Read All About It—The 2023 IRS Dirty Dozen Tax Fraud

taxpayersThe Internal Revenue Service (IRS) Dirty Dozen list is an annual event—a concise list of the most common scams challenging taxpayers today. 


Let’s take a look at the illegal gambits that are sufficiently hazardous and harmful to make the list in 2023. In no particular order, here they are:

  • False fuel credits: Agricultural and farming interests can take advantage of the off-highway fuel tax credit—standard taxpayers cannot. Unscrupulous tax preparers and others routinely promote the fuel credit as a way to earn a larger tax refund. Instead, tax returns that claim a fuel tax credit are generally flagged for follow-up. When the IRS notifies the taxpayer, their credit is denied, while the tax preparer is long gone with exorbitant fees and often, a stolen identity, in hand.
  • Fraudulent charities: Fake charities have been around a long time, ticking up when natural or other tragic disaster strikes. Scammers steal money and identities. Give generously—after you determine if the charitable organization is qualified as tax-exempt by the IRS.
  • Beware social media and Offer in Compromise (OIC) Mills: Social media is a common tool for bad actors hawking too-good-to-be-true schemes to earn a larger refund (for a fee). Social media also figures prominently in advertising questionable services for people with significant debt to the IRS. OICs are a tool that can be helpful to those with a large tax liability—but too often taxpayers end up paying a fee for an OIC application that will be of no help at all.
  • Offshore accounts and high-income scams: The IRS drew attention this year to schemes and scams to hide assets in foreign bank accounts, cryptocurrency, and secrecy jurisdictions. As well, Charitable Reminder Trusts and monetized installment sales were flagged on the Dirty Dozen list this year.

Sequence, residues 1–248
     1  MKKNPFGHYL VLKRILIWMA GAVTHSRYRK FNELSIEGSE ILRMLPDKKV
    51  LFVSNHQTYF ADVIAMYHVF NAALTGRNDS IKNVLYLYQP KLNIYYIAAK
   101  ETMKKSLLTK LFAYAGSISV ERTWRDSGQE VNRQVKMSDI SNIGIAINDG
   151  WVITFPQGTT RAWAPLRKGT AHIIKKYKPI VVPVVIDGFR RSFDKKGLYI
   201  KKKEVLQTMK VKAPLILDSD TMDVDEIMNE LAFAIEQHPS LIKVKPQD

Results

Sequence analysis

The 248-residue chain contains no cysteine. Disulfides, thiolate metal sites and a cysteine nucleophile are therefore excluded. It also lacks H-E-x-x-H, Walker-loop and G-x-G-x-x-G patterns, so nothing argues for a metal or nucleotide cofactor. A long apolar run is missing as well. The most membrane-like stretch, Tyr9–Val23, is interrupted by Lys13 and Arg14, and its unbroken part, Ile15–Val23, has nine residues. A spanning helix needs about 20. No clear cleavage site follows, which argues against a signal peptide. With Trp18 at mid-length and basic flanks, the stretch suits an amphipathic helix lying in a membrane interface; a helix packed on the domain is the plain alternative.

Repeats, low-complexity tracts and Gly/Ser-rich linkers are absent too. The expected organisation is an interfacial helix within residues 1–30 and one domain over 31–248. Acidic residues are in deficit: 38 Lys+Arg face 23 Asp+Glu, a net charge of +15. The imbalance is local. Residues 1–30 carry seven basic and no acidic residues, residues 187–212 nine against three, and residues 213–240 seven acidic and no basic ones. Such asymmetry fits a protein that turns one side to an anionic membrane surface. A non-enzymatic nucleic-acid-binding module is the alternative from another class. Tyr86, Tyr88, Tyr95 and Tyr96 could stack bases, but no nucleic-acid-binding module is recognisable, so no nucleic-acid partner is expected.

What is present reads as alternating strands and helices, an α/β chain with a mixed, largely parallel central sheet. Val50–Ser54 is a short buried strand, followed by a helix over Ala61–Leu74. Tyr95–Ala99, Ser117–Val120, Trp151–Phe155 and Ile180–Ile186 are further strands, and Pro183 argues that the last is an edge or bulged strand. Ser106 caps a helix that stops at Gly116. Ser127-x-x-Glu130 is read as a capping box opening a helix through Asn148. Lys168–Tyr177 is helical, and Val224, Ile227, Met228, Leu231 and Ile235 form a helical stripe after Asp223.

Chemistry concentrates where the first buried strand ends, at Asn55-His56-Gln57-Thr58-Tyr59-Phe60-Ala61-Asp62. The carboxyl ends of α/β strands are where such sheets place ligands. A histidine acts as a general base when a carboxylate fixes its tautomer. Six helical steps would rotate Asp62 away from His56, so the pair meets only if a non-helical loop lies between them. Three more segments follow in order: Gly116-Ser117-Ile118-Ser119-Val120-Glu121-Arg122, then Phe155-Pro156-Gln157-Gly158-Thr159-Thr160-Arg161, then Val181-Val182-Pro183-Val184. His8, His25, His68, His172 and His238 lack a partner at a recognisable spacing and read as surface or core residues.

• Tax evasion and tax preparers: Tax avoidance strategies and crooked tax preparers go hand-in-hand. The IRS details several avoidance strategies while perennially calling attention to the danger of disreputable tax preparers.
  • Internet scams aimed at tax professionals and online scammers: Tax pros work hard for their clients and even harder to avoid social engineering scams over the internet, telephone, and text that are aimed at soaking up the personal and financial details of their clients. The IRS also highlighted schemes around tax time, when phishing attempts increase and scammers posing as online help for taxpayers proliferate. 

The Dirty Dozen list is a heads-up to consumers about the very real scams to which anyone can fall prey. If you think a deal is too good to be true—it probably is. Think twice or three times before you hand over information to anyone else, or click on that tempting link in your email. Talk to trusted associates and your tax lawyer if you are offered a too-attractive deal. No one ever regrets due diligence.


Do you need experienced legal help with a controversy or possible bankruptcy? We can help

The tax group at Robert J. Fedor, Esq., LLC helps you respond strategically to questions about taxes, failure to file tax returns, or your offshore assets. We serve local and international clients from offices in Chicago and Cleveland. Call 800-579-0997 or reach out to us today.


Understanding Tax Fraud